Harper Bridges

Introduction


Typical Harper Cast Fence Post
The Harpers were involved in the construction of light wire suspension bridges from about 1865 until 1924. Initially they designed and built and latterly designed.

John Harper left his parents’ farm near Turriff in Aberdeenshire around the age of 9 and found employment as a market gardener before  moving down to Edinburgh with his brother Hugh, where they became wire fencers. This continued in Glasgow and in 1856 they returned to Aberdeen to set up their own business as fencers and gate manufacturers. Before long they had established a foundry. In 1863, aged 30, John Harper registered a patent ‘device for straining wire’, which was crucial to the development of bridge building.

Illustrated is a corner fence post from the disused Speyside line of the Great Northern Scottish Railway (GNSR). This post has within it four wire tensioning devices visible, each able to rotate round the axis at right angles to the wire that passes through the outer casing, to be wound onto the rotating spindle.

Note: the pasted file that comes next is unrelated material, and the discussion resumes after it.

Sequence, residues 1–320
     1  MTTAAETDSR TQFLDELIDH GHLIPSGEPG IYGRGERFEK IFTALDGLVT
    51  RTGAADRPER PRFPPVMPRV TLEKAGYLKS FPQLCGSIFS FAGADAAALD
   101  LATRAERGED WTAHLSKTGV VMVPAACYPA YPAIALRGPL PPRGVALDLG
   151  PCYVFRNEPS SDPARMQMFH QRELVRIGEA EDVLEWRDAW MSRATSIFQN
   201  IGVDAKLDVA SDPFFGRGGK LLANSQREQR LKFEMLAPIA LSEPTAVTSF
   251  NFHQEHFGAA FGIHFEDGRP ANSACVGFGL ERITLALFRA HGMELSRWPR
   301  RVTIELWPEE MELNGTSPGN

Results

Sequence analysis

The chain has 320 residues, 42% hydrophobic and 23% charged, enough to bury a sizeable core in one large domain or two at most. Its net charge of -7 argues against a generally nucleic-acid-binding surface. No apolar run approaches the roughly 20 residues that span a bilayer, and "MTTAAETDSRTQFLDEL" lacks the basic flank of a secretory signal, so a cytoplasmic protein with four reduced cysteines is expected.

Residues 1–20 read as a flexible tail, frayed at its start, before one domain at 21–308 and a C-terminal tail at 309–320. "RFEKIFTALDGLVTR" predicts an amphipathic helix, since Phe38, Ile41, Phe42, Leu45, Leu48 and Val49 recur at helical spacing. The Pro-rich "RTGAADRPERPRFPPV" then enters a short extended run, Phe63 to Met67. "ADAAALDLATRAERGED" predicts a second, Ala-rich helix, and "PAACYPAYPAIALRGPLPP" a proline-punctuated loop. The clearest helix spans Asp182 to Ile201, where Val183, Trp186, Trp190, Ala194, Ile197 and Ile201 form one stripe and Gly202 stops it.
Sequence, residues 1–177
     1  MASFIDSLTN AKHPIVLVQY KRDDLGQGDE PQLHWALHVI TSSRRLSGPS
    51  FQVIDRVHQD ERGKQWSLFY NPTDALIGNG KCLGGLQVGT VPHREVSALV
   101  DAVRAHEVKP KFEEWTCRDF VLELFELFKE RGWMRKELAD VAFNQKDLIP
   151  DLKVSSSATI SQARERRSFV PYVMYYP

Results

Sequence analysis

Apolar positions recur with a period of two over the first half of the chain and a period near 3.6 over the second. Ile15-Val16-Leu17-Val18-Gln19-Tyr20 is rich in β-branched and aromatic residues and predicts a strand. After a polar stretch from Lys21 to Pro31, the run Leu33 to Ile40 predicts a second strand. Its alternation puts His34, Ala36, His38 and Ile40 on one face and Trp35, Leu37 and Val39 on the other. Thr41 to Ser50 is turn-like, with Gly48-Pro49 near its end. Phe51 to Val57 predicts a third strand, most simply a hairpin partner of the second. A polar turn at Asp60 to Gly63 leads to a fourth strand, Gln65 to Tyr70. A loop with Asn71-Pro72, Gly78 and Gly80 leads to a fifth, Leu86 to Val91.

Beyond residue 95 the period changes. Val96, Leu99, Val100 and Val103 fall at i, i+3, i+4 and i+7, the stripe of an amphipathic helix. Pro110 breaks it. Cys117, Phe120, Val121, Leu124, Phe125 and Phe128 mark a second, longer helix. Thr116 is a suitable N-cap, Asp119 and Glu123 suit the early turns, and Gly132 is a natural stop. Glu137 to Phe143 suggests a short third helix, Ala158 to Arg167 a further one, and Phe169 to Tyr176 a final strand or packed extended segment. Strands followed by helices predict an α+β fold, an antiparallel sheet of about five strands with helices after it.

The wire was wound up within the post using a crank tool rather like an ‘Allen’ key. Once the desired tension was generated, the spindle was locked by the insertion of a peg into the opposing notches, one on the spindle and the other on the casing. This was similar to the ‘key’ required to fix a wheel to its axle after the creation of slots in both components – a technique central to Harpers main business of supplying power drive machinery to Aberdeen’s mills. It is interesting that the notches on the spindle are at 90 degree intervals while those on the casing are at 120 degree intervals. This means that a rotation of only 30 degrees will allow another opposing pair to accept the locking key or peg.
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